January is traditionally a time when we think about fresh starts and making the coming year better than the old one. It’s the time when diet books, quit-smoking services and recruitment companies are at their busiest. And this year, in the renewables sector, it’s also time for a positive change.
2015 saw investment decline in the UK as the last few subsidies and tax breaks ended for a lot of solar and wind (and of course, global emissions kept rising), but 2016 will be different. The outlook is more positive than its been in years.
This is because the last-minute COP21 Paris agreement opened up huge scope for commercially viable carbon reduction projects. In the preceding year, only the very top end of projects got the green light. In 2015, we noticed that to attract the kind of investment attention renewables used to get (back in the old tax-break and feed-in tariff era), renewable projects needed gold-plated credentials. If a project didn’t have rock solid power purchase agreements with reliable counterparties, or some sort of generous incentive attached, they struggled to get the backing they deserved.
But post-Paris, it’s a whole new ballgame. Carbon trading is back at the centre of the mechanisms that will drive investment, again. We’ve been anticipating this development because it’s the only way to drive investment into developing economies and choke of the biggest source of rising carbon emissions. This is good news for investors, because it means carbon emission reductions registered with the UNFCC Clean Development Mechanism will rise in value. COP 21 has dramatically changed the commercial potential for renewable investments of all shapes and sizes, especially in developing economies where they are needed the most.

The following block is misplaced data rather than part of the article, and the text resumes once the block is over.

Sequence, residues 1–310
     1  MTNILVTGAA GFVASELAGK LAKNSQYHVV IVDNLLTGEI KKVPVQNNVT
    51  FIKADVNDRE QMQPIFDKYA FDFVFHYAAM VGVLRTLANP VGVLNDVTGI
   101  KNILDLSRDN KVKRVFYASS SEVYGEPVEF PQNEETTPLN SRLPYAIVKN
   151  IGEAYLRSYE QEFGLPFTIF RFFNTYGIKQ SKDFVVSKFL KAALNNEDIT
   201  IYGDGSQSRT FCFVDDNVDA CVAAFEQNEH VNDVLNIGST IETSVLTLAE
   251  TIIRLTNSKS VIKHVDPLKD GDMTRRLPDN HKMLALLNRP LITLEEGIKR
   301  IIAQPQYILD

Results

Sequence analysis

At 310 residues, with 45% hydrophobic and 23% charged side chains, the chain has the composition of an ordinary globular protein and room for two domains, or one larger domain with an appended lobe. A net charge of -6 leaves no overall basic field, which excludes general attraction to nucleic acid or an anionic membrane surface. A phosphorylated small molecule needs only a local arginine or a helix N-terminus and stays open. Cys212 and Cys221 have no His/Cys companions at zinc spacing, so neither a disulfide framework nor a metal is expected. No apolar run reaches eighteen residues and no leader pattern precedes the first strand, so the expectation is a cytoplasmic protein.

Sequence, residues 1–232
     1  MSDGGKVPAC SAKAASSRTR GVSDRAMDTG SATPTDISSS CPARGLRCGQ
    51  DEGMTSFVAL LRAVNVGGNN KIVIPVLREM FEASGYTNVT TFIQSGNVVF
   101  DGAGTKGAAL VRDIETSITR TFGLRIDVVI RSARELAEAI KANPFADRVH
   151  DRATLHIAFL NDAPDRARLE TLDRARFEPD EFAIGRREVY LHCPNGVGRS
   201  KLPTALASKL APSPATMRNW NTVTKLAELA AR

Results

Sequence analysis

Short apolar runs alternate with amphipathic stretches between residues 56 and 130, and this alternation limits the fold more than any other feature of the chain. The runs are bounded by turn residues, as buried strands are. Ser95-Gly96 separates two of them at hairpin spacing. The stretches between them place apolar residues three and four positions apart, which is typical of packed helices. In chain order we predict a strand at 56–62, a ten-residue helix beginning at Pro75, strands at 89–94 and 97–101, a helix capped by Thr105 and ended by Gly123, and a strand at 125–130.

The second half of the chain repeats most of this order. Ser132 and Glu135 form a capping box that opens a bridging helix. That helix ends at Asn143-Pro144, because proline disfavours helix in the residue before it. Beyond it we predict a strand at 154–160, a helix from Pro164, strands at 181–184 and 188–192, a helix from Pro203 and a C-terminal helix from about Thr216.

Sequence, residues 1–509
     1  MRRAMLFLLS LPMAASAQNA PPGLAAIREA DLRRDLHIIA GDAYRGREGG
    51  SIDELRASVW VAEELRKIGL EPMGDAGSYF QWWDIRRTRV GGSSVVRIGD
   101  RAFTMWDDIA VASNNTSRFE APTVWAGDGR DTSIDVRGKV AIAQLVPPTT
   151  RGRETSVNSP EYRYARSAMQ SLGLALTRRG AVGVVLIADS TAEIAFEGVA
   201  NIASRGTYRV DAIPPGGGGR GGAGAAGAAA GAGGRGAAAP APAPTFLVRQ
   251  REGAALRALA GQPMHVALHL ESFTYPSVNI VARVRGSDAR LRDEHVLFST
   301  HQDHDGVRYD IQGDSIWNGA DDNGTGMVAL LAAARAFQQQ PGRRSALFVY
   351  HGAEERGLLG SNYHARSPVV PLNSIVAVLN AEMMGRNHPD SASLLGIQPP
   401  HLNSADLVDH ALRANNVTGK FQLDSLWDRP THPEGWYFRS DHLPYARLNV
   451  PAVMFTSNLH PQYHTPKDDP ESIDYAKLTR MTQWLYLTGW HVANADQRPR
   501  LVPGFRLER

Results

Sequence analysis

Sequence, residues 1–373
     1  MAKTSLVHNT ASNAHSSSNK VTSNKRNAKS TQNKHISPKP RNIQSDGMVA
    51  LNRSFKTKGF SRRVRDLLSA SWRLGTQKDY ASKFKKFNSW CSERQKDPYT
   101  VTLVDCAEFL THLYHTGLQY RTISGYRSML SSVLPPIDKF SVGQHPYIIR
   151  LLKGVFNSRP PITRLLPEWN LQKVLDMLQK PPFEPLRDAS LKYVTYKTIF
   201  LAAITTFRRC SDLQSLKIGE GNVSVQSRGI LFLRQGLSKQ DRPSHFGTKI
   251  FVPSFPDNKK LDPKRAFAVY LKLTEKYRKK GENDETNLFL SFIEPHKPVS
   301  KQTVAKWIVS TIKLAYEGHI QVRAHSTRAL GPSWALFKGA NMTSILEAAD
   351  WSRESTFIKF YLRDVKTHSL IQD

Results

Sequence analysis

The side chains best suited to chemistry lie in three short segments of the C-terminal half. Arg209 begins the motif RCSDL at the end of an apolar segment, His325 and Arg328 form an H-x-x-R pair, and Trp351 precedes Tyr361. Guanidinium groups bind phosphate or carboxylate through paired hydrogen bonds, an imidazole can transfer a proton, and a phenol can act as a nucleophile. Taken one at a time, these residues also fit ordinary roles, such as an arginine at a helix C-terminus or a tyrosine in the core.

Looking at the big picture, 1Mw of installed capacity in Chile will produce about 1000 CERs per year. When you accredit these projects via the UNFCC, generally you get 21 years worth of credits. Based on the fact carbon prices have started to see more upwards movement and speculation. It’s a pretty safe bet that, as the COP 21 gets into gear in over the next few years, the carbon price will rise significantly. Renewable energy investments will benefit from effective carbon markets with futures running for 7-10 years, which means developers and financiers can hedge the price of emissions reductions going forwards.
Put simply, the Paris agreement has stabilised the ability to finance renewables, providing a solid outlook that will encourage investors and lenders alike.
We’re predicting 2016 will spawn a broad range of new renewable projects, commercial carbon abatement initiatives and energy efficiency investments, world wide. And the nature of the new Paris accords means money will be flowing into projects that are environmentally attractive and don’t need subsidies or gold-plated PPA credentials to make commercial sense. This will, in all likelihood, mean a flow of carbon-reducing investment capital away from the developed world and to the developing world. And provided you know how to exploit carbon pricing mechanisms, the real prospect of index linking finance to carbon reductions.
It’s not just good news for the planet, it’s particularly good news for 350, too. As we’re actively seeking partners in our three main areas of interest – Chile, Mexico and India – this makes our work more attractive for investors. It also means we’ll be scaling our work with institutional investors and infrastructure funds who have, like us, got ahead of the game and anticipated that the smartest renewable money will be spent on the highest carbon reducing projects.
Happy New Year!
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